Nuthatches are not of direct importance to humans, other than the indirect economic benefits of ecotourism and birdwatching focused on seeing birds in natural habitats.

Species accounts

List of Species

Red-breasted nuthatch
White-breasted nuthatch
Brown-breasted nuthatch
Nuthatch
Giant nuthatch
Black sittella
Wall creeper

Red-breasted nuthatch

Sitta canadensis

subfamily

Sittinae

taxonomy

Sitta canadensis Linnaeus, 1776.

other common names

French: Sittelle à poitrine rousse; German: Kanadakleiber; Spanish: Saltapalo Canadiense.

physical characteristics

4 in (10 cm), with a short tail. The back is colored blue-gray, the undersides red-brown, crown black, throat white, and with a white line over the eye and a black one through it.

distribution

Occurs widely in southern and northwestern Canada and most of the United States.

habitat

Breeds in mature, boreal or montane, conifer-dominated forest. Winters in a wider range of conifer dominated forest.

behavior

Occurs as pairs that defend a breeding territory. It is an irregular migrant that spends some winters in the breeding range. Often flocks with chickadees in winter. The song is a series of nasal notes.

feeding ecology and diet

Gleans invertebrates from tree bark and foliage, and also eats fruits and seeds in winter.

reproductive biology

Pairs nest in a tree cavity. The female incubates the eggs but both sexes feed the young.

conservation status

Not threatened. A widespread and abundant species.

significance to humans

None known.


White-breasted nuthatch

Sitta carolinensis

subfamily

Sittinae

taxonomy

Sitta carolinensis Latham, 1790.

other common names

French: Sittelle à poitrine blanche; German: Carolinakleiber; Spanish: Saltapalo Blanco.

physical characteristics

5 in (12.7 cm), with a short tail. The back is colored blue-gray, the crown black, and undersides and throat white.

distribution

Occurs widely in extreme southern Canada, through most of the United States, and into western Mexico. Does not migrate, except for northernmost populations that may move somewhat south.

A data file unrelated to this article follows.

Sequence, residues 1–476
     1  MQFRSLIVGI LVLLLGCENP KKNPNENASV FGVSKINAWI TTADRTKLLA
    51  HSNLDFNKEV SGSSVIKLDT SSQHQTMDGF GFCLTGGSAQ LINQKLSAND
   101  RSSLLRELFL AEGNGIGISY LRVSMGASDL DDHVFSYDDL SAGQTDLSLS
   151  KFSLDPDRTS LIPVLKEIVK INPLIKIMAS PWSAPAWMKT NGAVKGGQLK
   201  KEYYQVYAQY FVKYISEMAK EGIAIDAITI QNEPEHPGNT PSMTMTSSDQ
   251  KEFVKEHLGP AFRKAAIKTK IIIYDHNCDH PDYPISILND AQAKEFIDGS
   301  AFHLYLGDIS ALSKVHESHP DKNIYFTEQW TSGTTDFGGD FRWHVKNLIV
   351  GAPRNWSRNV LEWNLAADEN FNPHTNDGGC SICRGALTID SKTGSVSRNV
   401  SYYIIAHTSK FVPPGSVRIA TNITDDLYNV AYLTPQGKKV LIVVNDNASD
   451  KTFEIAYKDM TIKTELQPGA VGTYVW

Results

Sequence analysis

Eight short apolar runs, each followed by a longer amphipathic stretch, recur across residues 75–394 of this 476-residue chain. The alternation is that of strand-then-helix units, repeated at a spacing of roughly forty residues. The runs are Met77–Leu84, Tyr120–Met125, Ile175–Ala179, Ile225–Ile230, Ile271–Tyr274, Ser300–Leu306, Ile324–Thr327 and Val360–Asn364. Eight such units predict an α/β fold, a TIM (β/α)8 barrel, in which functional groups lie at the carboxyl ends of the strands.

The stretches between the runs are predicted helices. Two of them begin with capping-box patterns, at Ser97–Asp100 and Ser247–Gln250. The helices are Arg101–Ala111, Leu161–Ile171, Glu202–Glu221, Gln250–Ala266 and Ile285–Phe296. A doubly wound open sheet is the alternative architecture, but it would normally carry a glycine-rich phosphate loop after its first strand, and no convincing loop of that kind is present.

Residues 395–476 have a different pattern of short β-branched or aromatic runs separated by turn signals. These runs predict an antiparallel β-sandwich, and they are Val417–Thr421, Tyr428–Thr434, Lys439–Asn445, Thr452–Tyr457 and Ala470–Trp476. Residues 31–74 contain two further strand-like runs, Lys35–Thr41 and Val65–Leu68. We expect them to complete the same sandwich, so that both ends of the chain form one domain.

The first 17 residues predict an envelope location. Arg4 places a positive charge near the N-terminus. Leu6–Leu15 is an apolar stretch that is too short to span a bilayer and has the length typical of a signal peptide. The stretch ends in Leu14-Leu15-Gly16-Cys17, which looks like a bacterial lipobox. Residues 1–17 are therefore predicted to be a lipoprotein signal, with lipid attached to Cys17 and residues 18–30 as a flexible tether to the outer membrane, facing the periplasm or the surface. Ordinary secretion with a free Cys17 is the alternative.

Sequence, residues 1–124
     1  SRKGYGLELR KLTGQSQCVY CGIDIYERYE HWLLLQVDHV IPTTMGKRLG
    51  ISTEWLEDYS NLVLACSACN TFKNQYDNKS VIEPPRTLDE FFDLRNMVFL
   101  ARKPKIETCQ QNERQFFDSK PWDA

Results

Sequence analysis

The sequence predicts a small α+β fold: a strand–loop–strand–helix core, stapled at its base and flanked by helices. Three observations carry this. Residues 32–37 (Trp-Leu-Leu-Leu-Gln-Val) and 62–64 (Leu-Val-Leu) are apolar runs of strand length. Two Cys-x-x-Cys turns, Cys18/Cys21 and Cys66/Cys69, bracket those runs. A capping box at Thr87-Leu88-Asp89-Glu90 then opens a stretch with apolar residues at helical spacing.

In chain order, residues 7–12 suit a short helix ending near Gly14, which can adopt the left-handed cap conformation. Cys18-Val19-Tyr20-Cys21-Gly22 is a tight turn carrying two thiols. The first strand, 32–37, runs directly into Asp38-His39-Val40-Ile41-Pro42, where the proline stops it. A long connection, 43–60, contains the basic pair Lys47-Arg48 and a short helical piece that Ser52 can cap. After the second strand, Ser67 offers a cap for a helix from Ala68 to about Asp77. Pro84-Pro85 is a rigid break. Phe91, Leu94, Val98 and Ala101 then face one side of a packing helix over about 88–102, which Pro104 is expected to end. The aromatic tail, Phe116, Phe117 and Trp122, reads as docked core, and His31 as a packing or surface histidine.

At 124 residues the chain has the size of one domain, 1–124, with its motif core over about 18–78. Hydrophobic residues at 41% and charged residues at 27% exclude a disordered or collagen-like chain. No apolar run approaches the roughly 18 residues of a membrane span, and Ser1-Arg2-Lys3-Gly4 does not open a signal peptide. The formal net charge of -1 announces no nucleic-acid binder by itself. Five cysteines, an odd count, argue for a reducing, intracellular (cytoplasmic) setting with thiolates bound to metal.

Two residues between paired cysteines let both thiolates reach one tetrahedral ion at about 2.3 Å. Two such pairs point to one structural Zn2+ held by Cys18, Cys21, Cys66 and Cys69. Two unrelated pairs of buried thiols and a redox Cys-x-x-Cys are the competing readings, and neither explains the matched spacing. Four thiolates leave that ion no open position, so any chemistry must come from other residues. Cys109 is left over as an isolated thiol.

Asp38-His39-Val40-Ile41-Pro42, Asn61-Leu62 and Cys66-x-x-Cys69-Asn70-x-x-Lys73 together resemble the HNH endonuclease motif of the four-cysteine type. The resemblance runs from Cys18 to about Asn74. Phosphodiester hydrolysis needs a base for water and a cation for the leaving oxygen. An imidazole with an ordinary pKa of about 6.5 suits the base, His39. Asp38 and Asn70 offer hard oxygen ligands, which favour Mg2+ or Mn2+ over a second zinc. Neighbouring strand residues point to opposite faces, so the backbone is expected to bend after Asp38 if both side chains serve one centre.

habitat

Occurs in a wide range of mature, deciduous-dominated forest types.

behavior

Occurs as pairs that defend a breeding territory. Typically does not migrate. Often flocks with chickadees in winter. The song is a series of nasal notes.

feeding ecology and diet

Gleans invertebrates from tree bark and foliage, and also eats fruits and seeds in winter.

reproductive biology

Pairs nest in a tree cavity. The female incubates the eggs but both sexes feed the young.

conservation status

Not threatened. A widespread and abundant species.

significance to humans

None known.


Brown-breasted nuthatch

Sitta pusilla

subfamily

Sittinae

taxonomy

Sitta pusilla Latham, 1790.

other common names

French: Sittelle à tête brune; German: Braunkopfkleiber; Spanish: Sita de Cabeza Castaña.

physical characteristics

3.5 in (9 cm), with a short tail. The back is colored blue-gray, the crown brown, and the undersides and throat are white washed with brown.

distribution

Occurs widely in the southeastern United States.

habitat

Occurs in mature, pine-dominated forest types.

behavior

Occurs as pairs that defend a breeding territory. Does not migrate. Occurs in mixed-species flocks with chickadees and warblers during the nonbreeding season. The song is a series of soft twitterings.

feeding ecology and diet

Gleans invertebrates from tree bark and foliage, especially on branches. Also eats fruits and seeds in winter.

reproductive biology

Pairs nest in a tree cavity. The female incubates the eggs but both sexes feed the young.

conservation status

Not threatened. A widespread and abundant species.

significance to humans

None known.


Nuthatch

Sitta europaea

subfamily

Sittinae

taxonomy

Sitta europaea Linnaeus, 1758. Twenty-five subspecies.

other common names

English: Eurasian nuthatch, wood nuthatch; French: Sittelle torchepot; German: Kleiber; Spanish: Trepador Azul.

physical characteristics

5.5 in (14 cm), with a short tail. The back is colored blue-gray, the crown blue-gray, undersides brown to white, throat white, and with a black line through the eye. However, coloration varies considerably among the approximately 25 geographic subspecies of this wide-ranging species.

distribution

Occurs widely in temperate Eurasia, from the Atlantic to Pacific coasts.

habitat

Occurs in a wide range of mature temperate forests, ranging from deciduous- to conifer-dominated types.

behavior

Occurs as pairs that defend a breeding territory. Does not migrate. Occurs in mixed-species flocks with tits (or chickadees) in the nonbreeding season. The song is a varied series of loud calls.

feeding ecology and diet

Gleans invertebrates from tree bark and foliage, especially on branches. Also eats fruits and seeds in winter.

reproductive biology

Pairs nest in a tree cavity. The female incubates the eggs but both sexes feed the young.

conservation status

Not threatened. A widespread and abundant species.

significance to humans

None known.


Giant nuthatch

Sitta magna

subfamily

Sittinae

taxonomy

Sitta magna Ramsay, 1876.